Momentarily making music memories
Another day of not much happening. Our theatre auditions last night (and the ones for tonight) had to be cancelled because whomever was responsible for posting the information to the public didn’t and not enough people knew about it. Today I made sure that the event is listed on Facebook, through the electronic version of the local newspaper, and on the local forums for events in our area. I can do those for free, so that’s my contribution. As was so wisely said in “The Producers” — “Never put your own money in a show!”
So, today I don’t have to worry about rushing-off to auditions and will have more time to help make sure Youngest Son practices his trumpet for his solo and sextet for the State Band Competitions coming up in April. I’m thrilled he’s getting to go and even more thrilled that he’s really excited about playing there. I remember when I was younger and in band. I went to State a few times as a soloist and with the entire concert and marching bands. Perhaps I should have taken it more seriously and I would have done a lot better. Then again, the ADD was already set-in and I couldn’t decide which instrument to play more. I started with flute but that bored me after I achieved first chair. I taught myself to play all of the saxophone family, percussion instruments, and even the entire clarinet family. It was very hard trying to play the contra-alto clarinet when I was too short to reach the mouthpiece as it stood on the floor. I could never get the right amount of pillows or phone books in my chair to have me seated comfortably, but it was a challenge and I wanted to conquer it.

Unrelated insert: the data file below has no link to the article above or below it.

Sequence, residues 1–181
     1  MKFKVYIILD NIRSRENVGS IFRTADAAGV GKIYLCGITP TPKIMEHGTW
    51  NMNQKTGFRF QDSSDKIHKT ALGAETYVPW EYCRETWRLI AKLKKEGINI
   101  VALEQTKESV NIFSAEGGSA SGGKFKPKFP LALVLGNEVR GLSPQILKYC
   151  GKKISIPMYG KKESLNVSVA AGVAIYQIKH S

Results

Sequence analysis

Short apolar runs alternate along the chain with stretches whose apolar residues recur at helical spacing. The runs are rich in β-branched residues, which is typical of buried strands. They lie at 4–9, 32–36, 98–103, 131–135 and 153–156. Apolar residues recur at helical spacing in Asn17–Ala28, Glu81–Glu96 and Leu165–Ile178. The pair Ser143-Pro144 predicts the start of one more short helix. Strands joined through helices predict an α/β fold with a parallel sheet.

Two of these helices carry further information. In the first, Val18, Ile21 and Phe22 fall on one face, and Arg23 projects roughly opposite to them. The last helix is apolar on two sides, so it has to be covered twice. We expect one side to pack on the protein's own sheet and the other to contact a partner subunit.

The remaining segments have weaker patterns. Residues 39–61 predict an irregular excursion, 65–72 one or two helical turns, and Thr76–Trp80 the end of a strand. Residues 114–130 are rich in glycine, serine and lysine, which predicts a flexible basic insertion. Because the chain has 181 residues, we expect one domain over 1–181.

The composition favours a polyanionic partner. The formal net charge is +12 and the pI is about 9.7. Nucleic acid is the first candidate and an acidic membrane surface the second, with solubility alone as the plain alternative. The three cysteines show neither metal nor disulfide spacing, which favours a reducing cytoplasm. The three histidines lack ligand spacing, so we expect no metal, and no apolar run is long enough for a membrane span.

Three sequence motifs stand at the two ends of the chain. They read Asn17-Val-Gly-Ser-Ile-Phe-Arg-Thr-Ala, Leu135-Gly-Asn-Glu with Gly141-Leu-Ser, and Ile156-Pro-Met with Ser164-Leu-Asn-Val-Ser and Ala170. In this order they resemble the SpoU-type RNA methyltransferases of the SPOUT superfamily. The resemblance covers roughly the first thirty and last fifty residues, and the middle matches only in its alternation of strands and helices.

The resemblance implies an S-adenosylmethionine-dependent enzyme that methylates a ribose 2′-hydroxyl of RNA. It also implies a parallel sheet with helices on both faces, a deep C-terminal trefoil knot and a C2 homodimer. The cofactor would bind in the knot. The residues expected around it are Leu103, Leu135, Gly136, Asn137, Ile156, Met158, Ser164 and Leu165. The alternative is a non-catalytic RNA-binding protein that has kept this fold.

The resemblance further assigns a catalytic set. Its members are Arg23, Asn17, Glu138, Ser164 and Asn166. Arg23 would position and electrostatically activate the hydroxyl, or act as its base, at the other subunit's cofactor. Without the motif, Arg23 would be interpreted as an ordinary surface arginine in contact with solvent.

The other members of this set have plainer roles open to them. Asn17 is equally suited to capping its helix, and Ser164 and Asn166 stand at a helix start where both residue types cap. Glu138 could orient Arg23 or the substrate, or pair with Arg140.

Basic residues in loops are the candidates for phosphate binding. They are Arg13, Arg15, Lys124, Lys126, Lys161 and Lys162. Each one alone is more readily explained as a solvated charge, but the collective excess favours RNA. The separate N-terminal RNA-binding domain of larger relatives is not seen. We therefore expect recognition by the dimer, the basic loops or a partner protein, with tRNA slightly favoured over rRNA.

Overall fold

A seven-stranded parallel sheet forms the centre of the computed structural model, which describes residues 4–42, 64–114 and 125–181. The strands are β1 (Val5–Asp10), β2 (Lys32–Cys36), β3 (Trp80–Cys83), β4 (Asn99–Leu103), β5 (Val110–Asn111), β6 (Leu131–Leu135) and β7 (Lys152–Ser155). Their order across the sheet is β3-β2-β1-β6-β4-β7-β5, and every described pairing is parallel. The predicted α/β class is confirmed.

Looking back, after learning all of those instruments — plus the B-flat scale on the French horn, playing classical guitar, and taking the requisite piano lessons all of my friends and I seemed required to do — if I could have just picked one I might have been pretty good. I became our conductor’s “jack of all trades” in high school. He wanted a certain instrument added to the band that no one else was playing, so he’d hand me one from the school’s vault where old instruments go to die and have me teach myself. Usually it worked out well. I didn’t make us sound worse, at least. However, the oboe and I fought for about a month until I thought I was going to pop my eyeballs out of their sockets trying to play the double reed. That one I happily gave back and said I wasn’t going learn it.
Maybe someday I’ll start playing again. Eldest Son played the trombone but tired of it after high school. We used it and my old flute (couldn’t believe the amount of money they gave me in trade for the old thing!) to purchase Younger Son’s trumpet. For now, I just listen to the soundtrack of music I love in my mind and dream of being the person playing or conducting and feeling the goosebumps arise. It’s cheaper and doesn’t annoy the neighbors.